How this affects what you see on Ed-Data: The changes to the funding system took effect in the 2013-14 school year, so the new system does not affect the financial reports currently available on this website (Classic Ed-Data). You will find financial reports for 2013-14 on the new Ed-Data website at​Note: we will no longer be posting new data on this site. However we will keep this site available as a source of historical data and comparisons as long as possible.​ 

    More information and resources

    For more information about:

    Changes to the current assessment system, please see the California Department of Education’s AB 484 page.

    Changes to the API, please see the CDE’s Public Schools Accountability Act page.

    The new Common Core State Standards, please see the CDE’s Common Core page.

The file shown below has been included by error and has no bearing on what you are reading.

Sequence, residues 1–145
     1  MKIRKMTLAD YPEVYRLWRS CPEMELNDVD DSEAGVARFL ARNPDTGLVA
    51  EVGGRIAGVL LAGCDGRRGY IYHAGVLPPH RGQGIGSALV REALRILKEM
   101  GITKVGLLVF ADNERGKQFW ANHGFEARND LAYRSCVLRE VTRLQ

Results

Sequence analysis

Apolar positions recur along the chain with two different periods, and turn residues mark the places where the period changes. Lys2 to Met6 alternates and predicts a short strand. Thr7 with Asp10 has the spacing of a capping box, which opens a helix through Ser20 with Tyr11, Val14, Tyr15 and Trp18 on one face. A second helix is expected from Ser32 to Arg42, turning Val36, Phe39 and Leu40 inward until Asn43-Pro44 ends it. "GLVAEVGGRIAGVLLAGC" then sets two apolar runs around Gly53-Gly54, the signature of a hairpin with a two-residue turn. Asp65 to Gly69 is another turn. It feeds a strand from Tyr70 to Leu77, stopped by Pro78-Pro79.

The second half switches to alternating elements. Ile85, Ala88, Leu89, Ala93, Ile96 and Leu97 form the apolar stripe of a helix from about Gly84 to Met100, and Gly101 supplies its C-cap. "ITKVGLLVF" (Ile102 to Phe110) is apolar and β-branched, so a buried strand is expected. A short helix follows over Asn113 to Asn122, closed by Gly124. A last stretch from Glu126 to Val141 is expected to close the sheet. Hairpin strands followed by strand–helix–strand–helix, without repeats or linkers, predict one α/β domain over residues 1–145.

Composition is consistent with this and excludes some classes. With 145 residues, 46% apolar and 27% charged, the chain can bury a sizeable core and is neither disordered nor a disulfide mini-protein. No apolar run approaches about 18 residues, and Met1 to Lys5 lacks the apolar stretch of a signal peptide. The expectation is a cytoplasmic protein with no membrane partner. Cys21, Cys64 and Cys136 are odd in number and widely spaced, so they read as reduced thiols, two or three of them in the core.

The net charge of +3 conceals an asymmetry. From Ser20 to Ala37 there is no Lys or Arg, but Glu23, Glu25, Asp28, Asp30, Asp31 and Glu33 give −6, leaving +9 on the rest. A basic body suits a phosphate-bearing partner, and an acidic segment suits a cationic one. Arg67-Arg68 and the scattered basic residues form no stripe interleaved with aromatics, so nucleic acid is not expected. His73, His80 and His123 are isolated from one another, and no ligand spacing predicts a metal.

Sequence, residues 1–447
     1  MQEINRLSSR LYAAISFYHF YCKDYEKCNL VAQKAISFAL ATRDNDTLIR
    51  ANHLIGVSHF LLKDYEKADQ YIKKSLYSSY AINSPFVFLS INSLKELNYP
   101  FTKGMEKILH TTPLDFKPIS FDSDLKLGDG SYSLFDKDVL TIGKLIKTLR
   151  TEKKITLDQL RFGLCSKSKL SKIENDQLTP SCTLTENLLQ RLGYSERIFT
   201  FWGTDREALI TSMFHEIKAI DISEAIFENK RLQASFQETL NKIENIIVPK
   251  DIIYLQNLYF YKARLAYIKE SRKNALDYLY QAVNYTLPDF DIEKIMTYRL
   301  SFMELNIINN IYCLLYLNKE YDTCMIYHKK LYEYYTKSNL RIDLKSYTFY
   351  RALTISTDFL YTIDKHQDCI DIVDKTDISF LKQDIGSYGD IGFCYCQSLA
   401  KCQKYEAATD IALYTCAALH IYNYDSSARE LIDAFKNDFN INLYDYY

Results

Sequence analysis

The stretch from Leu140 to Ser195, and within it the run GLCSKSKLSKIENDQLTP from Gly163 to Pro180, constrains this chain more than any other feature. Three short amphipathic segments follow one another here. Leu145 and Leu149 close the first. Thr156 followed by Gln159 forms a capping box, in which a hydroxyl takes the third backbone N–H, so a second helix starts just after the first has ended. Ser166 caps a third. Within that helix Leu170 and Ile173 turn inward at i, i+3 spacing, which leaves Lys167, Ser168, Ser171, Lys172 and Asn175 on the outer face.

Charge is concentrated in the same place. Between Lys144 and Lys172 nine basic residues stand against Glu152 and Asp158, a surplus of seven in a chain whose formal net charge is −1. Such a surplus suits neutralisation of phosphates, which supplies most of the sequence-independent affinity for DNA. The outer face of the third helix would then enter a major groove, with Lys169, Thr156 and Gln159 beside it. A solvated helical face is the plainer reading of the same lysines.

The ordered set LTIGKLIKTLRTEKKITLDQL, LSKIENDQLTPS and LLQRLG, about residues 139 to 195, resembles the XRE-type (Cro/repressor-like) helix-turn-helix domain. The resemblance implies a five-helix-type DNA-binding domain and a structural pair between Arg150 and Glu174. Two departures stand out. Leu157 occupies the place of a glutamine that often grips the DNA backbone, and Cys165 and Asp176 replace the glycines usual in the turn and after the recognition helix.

The new funding system, see our article on Understanding the Local Control Funding Formula.

    For context and explanations about the accountability and school finance reports currently available on Ed-Data, please see:

    Understanding the Academic Performance Index (API).

    Understanding California's Standardized Testing and Reporting (STAR) Program.

    Adequate Yearly Progress Under NCLB.

    A Guide to California's School Finance System (before LCFF).

    All contents copyright © 2015, Education Data Partnership. All rights reserved.

    Ed-Data is a partnership of the California Department of Education, EdSource and the Fiscal Crisis & Management Assistance Team (FCMAT) designed to offer educators, policy makers, the legislature, parents, and the public quick access to timely and comprehensive data about K-12 education in California.